Migrating Faith

Pentecostalism in the United States and Mexico in the Twentieth Century

By Daniel Ramírez

306 pp., 6.125 x 9.25, 4 halftones, 4 maps, 2 tables, appends., notes, bibl., index

  • Paperback ISBN: 978-1-4696-2406-8
    Published: October 2015
  • eBook ISBN: 978-1-4696-2407-5
    Published: September 2015

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Awards & distinctions

Pneuma Book of the Year, Society for Pentecostal Studies

Daniel Ramírez's history of twentieth-century Pentecostalism in the U.S.-Mexico borderlands begins in Los Angeles in 1906 with the eruption of the Azusa Street Revival. The Pentecostal phenomenon--characterized by ecstatic spiritual practices that included speaking in tongues, perceptions of miracles, interracial mingling, and new popular musical worship traditions from both sides of the border--was criticized by Christian theologians, secular media, and even governmental authorities for behaviors considered to be unorthodox and outrageous. Today, many scholars view the revival as having catalyzed the spread of Pentecostalism and consider the U.S.-Mexico borderlands as one of the most important fountainheads of a religious movement that has thrived not only in North America but worldwide.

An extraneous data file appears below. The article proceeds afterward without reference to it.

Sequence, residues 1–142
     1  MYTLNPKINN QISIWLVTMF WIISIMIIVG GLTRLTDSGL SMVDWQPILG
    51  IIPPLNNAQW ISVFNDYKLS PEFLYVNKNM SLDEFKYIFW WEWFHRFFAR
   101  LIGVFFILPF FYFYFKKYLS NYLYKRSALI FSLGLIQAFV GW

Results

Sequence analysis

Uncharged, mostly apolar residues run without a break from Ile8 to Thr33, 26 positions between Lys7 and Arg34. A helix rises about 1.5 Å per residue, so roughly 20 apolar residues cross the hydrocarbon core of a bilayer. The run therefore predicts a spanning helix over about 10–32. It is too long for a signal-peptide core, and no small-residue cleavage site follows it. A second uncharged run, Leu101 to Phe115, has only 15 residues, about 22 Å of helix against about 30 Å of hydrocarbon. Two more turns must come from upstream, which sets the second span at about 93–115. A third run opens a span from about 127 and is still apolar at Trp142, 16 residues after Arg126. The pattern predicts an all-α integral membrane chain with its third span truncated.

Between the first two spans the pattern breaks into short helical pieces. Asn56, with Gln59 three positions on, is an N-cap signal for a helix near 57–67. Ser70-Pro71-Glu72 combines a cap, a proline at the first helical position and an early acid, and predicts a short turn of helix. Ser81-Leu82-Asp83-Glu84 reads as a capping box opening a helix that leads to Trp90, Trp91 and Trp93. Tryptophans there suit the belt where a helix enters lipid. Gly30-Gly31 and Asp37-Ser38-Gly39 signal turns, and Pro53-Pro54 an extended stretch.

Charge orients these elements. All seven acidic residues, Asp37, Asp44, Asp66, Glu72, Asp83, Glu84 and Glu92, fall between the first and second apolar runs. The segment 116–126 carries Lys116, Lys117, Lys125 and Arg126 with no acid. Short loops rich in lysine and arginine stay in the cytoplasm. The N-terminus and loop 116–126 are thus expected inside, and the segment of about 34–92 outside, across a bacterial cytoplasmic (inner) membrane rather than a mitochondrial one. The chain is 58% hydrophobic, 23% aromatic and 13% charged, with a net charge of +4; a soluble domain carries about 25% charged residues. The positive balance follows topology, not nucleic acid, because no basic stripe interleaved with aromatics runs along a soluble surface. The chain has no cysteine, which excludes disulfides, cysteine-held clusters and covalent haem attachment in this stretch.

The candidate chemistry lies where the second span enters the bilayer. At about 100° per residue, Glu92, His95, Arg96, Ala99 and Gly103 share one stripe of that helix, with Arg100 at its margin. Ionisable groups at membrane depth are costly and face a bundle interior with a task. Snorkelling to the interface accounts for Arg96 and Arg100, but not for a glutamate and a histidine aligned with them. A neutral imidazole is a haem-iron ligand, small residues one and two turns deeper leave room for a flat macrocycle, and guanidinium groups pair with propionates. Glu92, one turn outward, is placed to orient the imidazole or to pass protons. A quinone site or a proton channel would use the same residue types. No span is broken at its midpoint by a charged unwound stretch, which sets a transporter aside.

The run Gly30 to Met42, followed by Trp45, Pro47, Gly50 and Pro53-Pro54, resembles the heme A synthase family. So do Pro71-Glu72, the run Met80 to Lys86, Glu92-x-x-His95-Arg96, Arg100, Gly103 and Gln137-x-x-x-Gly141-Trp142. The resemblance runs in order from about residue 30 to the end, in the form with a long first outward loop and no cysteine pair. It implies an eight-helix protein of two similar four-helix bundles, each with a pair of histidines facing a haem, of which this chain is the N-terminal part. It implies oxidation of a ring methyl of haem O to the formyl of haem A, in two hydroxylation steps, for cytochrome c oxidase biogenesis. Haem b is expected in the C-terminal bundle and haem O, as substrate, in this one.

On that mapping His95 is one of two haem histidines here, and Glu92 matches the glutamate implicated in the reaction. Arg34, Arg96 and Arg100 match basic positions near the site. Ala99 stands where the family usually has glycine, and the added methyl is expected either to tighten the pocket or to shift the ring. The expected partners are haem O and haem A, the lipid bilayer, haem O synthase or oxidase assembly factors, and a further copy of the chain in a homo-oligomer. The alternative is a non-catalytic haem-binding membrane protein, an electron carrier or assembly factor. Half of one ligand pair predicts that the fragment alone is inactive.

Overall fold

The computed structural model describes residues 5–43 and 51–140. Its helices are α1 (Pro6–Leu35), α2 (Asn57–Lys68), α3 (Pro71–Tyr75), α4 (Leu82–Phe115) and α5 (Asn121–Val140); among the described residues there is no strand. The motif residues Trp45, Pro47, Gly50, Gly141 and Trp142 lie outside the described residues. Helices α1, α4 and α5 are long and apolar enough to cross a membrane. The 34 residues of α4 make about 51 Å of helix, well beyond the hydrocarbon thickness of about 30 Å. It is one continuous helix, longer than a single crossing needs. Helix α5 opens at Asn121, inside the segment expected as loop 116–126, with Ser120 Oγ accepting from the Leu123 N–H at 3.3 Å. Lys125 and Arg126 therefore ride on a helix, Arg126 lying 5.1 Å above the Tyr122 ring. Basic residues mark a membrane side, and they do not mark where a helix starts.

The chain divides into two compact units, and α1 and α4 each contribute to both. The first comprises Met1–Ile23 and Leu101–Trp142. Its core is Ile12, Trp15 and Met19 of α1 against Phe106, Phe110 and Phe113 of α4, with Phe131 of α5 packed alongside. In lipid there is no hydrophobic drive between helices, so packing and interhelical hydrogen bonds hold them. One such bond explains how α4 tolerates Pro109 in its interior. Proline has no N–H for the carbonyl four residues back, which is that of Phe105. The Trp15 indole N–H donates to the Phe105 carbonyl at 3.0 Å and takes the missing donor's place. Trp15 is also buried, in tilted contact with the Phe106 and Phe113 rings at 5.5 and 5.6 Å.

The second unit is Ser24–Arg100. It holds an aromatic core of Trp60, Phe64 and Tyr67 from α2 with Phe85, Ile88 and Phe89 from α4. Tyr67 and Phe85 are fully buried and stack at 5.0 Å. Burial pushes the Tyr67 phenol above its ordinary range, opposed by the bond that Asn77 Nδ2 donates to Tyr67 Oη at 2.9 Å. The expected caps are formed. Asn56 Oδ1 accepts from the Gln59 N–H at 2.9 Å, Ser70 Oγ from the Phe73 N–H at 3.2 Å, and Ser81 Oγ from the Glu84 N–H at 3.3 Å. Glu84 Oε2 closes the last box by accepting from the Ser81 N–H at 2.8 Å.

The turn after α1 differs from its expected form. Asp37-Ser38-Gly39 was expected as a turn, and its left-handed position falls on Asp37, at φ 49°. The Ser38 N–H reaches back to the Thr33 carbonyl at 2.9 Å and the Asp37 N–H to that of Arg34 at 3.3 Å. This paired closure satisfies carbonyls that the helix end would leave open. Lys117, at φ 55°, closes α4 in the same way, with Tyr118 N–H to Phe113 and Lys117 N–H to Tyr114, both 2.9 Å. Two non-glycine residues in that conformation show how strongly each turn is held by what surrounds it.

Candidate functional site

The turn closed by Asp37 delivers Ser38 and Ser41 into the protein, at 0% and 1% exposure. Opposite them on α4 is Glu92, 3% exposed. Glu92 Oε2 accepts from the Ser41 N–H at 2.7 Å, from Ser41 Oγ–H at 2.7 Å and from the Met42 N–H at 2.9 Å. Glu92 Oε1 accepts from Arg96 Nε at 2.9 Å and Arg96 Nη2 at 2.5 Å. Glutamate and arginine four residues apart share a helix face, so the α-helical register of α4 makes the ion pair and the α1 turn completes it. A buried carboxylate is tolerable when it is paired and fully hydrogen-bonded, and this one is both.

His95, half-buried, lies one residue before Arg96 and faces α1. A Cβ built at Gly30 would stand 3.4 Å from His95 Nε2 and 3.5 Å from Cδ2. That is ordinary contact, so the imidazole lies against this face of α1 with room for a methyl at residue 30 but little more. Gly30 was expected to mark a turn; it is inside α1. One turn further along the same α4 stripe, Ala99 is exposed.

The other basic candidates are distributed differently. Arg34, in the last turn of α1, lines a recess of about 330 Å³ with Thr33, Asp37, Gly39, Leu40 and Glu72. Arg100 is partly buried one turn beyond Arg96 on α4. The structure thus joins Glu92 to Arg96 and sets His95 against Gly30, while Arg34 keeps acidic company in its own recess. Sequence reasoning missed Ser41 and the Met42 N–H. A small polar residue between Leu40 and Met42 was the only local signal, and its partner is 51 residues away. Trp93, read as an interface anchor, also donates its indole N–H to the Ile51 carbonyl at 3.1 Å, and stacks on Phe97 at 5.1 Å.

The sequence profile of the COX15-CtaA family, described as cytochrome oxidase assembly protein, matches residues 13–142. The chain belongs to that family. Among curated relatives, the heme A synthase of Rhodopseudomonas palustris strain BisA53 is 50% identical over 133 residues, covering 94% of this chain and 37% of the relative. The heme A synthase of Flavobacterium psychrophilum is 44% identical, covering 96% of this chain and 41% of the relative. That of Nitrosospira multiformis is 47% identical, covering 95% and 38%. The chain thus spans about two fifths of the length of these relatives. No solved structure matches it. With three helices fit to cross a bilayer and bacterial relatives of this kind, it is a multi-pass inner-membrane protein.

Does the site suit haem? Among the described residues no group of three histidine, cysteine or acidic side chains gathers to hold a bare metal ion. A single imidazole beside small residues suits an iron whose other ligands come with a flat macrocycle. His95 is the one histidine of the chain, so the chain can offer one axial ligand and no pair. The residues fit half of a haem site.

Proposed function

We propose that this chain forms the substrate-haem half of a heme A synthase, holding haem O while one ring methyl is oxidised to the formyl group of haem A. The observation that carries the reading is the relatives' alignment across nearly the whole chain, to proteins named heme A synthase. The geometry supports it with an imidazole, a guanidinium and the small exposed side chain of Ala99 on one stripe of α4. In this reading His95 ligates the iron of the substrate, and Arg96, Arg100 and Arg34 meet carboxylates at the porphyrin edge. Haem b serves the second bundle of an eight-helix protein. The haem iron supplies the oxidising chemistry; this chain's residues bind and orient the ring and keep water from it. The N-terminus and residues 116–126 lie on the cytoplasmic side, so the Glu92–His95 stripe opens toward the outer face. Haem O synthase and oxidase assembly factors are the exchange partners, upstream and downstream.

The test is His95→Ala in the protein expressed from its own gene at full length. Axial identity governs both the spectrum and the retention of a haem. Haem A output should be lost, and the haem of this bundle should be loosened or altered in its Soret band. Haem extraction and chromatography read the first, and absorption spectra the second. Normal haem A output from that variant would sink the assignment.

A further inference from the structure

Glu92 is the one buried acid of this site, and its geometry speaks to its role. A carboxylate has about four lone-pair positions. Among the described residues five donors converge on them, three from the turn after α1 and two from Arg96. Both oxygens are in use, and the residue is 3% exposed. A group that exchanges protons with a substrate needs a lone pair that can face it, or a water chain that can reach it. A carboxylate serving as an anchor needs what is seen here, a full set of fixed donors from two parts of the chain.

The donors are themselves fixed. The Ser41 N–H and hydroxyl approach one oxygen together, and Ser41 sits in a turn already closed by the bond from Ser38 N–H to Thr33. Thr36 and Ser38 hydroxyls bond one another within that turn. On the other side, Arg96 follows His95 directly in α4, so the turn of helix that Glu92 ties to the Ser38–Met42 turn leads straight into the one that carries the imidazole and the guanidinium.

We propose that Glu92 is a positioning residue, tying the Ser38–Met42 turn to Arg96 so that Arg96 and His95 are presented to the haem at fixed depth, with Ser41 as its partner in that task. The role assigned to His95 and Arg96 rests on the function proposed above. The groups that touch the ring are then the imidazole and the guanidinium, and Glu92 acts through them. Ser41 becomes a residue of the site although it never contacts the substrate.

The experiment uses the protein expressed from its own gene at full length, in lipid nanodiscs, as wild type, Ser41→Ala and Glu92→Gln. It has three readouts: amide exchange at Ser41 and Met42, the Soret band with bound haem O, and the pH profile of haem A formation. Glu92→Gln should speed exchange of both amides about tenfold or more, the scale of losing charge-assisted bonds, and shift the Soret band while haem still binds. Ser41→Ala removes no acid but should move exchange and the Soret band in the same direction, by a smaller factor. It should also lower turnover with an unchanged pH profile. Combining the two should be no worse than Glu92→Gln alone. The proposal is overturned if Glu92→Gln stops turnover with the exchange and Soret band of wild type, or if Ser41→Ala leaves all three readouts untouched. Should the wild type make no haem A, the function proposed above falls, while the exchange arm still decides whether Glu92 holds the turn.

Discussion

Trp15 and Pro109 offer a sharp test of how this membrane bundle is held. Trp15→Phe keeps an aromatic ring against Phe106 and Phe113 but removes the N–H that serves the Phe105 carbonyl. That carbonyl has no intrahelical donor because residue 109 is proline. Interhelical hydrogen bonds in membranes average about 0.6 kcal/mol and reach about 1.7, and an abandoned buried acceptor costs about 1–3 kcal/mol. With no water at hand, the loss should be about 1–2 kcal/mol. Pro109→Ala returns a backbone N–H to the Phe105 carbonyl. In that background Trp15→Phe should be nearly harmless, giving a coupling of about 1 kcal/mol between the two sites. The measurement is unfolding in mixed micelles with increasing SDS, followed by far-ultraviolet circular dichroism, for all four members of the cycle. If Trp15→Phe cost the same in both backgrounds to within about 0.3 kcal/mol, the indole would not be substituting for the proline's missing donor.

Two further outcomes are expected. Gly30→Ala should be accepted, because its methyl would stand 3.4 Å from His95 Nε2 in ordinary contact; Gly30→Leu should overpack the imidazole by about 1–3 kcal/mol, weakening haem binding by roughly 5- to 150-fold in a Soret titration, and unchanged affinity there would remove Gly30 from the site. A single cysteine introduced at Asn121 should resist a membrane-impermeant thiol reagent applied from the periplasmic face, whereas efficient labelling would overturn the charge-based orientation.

Ramírez argues that, because of the distance separating the transnational migratory circuits from domineering arbiters of religious and aesthetic orthodoxy in both the United States and Mexico, the region was fertile ground for the religious innovation by which working-class Pentecostals expanded and changed traditional options for practicing the faith. Giving special attention to individuals' and families' firsthand accounts and tracing how a vibrant religious music culture tied transnational communities together, Ramírez illuminates the interplay of migration, mobility, and musicality in Pentecostalism's global boom.

About the Author

Daniel Ramírez is associate professor of religion in the School of Arts and Humanities at Claremont Graduate University.
For more information about Daniel Ramírez, visit the Author Page.


“Those interested in Pentecostal religious expression in other migrant ethnic groups and in African American evangelicalism will find the questions posed here relevant. . . . Highly recommended.”--Choice

“A study that offers fresh interpretations of Latino/a religious studies and American religions history.”--Journal of American History

“Puts forth a radical rethinking of the 1930s repatriation of Mexican immigrants and their families, which is generally depicted as a xenophobic tragedy. . . . Essential reading for graduate students in Mexican religious history, borderlands, and Latino history.”--Hispanic American Historical Review

“This highly recommended book will enrich the curricula of American religious history, Mexican religious history, borderlands history and is appropriate for undergraduate and graduate readers.”--Perspectivas

“Ramirez has not only given us a history of the origins of the Pentecostal movement along the U.S.-Mexican border, he has also modeled a narrative form that gives voice to individuals and groups who are misunderstood in most historical studies when they are not entirely passed over.”--Fides et Historia

“His layered presentation of complex ideologies, theories, and information adds a multidimensional work to the field.”--H-Net Reviews